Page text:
Suburbanisation - LA case study

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Suburbanisation ­ Los Angeles
Los Angeles has attracted people in there millions to California and has a population of
24 million. The city has now reached the stage of suburbanisation as the economy has
grown and people want a better quality of life and have therefore moved out of the over
populated inner city.
Transport - The arrival of the transcontinental railway from the east in 1876 stimulated
rapid population growth; half a million arrived within 40 years.
Electric tramways in the 1920's meant people could live further away from work
Motorways spread across the city allowing working to drive in from homes away from the
Employment - In the early 20th century, the discovery of oil, the opening of a Ford car
plant and other manufacturing industries meant continued growth
Image - The development of the film industry in Hollywood ­ a suburb of LA. Growing
affluence brought tourists to the film parks
Greater Affluence - This gave people greater choice about where to live. The fastest
population growth in the 60's and 70's was in the sun-belt of California
As the suburbs grew, the population of central Los Angeles declined, leaving a poor and
often semi- derelict inner city in which those at the bottom of the socio economic ladder
inhabited some of the poorest and most crime-ridden suburbs. However, low-density
suburbanisation consumes huge amounts of land and takes people further away from work.
Time spent travelling to and from work creates social problems ­ stress caused by travel,
and little time for partners, family and friends. Many suburban communities now exist only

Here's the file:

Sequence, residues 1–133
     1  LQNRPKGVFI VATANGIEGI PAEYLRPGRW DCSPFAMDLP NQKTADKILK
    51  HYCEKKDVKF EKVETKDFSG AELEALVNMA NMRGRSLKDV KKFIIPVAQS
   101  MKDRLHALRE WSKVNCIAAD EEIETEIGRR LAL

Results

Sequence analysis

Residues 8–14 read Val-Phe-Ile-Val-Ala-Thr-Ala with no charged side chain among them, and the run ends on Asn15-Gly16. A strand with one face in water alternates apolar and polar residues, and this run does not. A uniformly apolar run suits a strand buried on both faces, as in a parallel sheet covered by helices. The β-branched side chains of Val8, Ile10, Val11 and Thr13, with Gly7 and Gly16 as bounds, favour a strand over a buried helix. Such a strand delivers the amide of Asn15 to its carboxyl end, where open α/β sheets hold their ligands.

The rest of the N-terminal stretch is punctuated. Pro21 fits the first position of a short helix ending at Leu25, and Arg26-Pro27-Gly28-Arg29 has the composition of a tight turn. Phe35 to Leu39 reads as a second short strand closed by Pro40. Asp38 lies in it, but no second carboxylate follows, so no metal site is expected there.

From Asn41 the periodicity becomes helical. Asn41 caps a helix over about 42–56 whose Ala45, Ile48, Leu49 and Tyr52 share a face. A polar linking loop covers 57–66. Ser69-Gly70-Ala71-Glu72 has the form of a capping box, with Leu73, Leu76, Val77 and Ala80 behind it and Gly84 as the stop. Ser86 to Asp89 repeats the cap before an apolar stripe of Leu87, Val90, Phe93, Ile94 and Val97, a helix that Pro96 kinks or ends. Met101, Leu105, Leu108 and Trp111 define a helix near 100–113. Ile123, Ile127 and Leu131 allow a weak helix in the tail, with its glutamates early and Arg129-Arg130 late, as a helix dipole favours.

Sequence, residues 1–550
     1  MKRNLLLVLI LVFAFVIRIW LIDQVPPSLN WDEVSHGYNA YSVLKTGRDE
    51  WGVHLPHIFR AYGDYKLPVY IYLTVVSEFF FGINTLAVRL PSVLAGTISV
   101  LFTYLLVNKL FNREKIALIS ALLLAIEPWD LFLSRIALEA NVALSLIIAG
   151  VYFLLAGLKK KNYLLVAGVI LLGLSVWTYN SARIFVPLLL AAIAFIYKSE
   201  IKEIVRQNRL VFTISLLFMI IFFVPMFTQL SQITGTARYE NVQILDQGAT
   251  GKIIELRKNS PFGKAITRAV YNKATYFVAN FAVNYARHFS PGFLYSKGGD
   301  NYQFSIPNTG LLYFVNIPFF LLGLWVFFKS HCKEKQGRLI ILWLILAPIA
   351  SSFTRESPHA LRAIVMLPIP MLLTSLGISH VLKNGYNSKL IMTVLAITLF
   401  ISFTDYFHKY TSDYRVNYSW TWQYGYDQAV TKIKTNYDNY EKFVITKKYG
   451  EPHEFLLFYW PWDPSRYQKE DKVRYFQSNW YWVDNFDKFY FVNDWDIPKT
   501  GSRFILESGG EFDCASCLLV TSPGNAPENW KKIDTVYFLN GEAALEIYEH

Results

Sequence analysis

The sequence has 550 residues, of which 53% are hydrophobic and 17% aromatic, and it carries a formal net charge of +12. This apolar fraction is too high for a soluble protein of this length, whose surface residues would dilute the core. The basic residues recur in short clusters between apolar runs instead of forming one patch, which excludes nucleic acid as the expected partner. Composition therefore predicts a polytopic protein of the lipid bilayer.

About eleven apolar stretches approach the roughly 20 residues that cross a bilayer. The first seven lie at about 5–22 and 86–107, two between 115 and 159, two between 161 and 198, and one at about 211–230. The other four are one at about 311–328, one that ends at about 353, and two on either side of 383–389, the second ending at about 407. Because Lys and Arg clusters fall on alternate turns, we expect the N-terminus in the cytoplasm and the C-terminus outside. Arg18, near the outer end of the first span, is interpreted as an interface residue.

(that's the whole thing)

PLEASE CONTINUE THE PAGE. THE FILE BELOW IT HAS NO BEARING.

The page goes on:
as places where people sleep rather than live. These are known as dormitory settlements.
Doughnut city - Large industries followed people from the CBD to Greenfield sites in the
suburbs where there are fewer planning restrictions and land was cheaper. This leaves the
centre full of migrants, the unemployed, the unskilled and criminals. This leaves a hole in
the middle, which is now being filled with TNCs and main companies to draw people back
into the city after suburbanization.
Urban smog - 10 million car owners create congestion on freeways creating environmental
hazards Smog high pressure systems create dense, cold, still air at the surface with warmer
air above. The cold dense air traps pollution above LA. In 2005 just 10.2% of commuters used
public transport.
Social segregation - Those who can afford to leave inner LA for the suburbs do so,
leaving behind an increasingly derived population, Increase in crime in inner city
areas. Many migrants settle in the inner city areas such as Mexicans where living costs and
housing is cheaper.
Historically, Los Angeles growth has relied on the assumption that cheap natural
resources such as water would always be available. This assumption is proving to be

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­ the rising cost of energy and the shortage of natural resources are causing
problems for the city.
Water ­ Water is piped to LA from 350km away
Continued demand for irrigating domestic gardens and filling pools is causing
disputes with neighbouring states
Up to 50% of water is wasted from evaporation before it even reaches the city Waste ­ 24
million people in the Greater Los Angeles area produce 50,000 tonnes of waste every day.…read more


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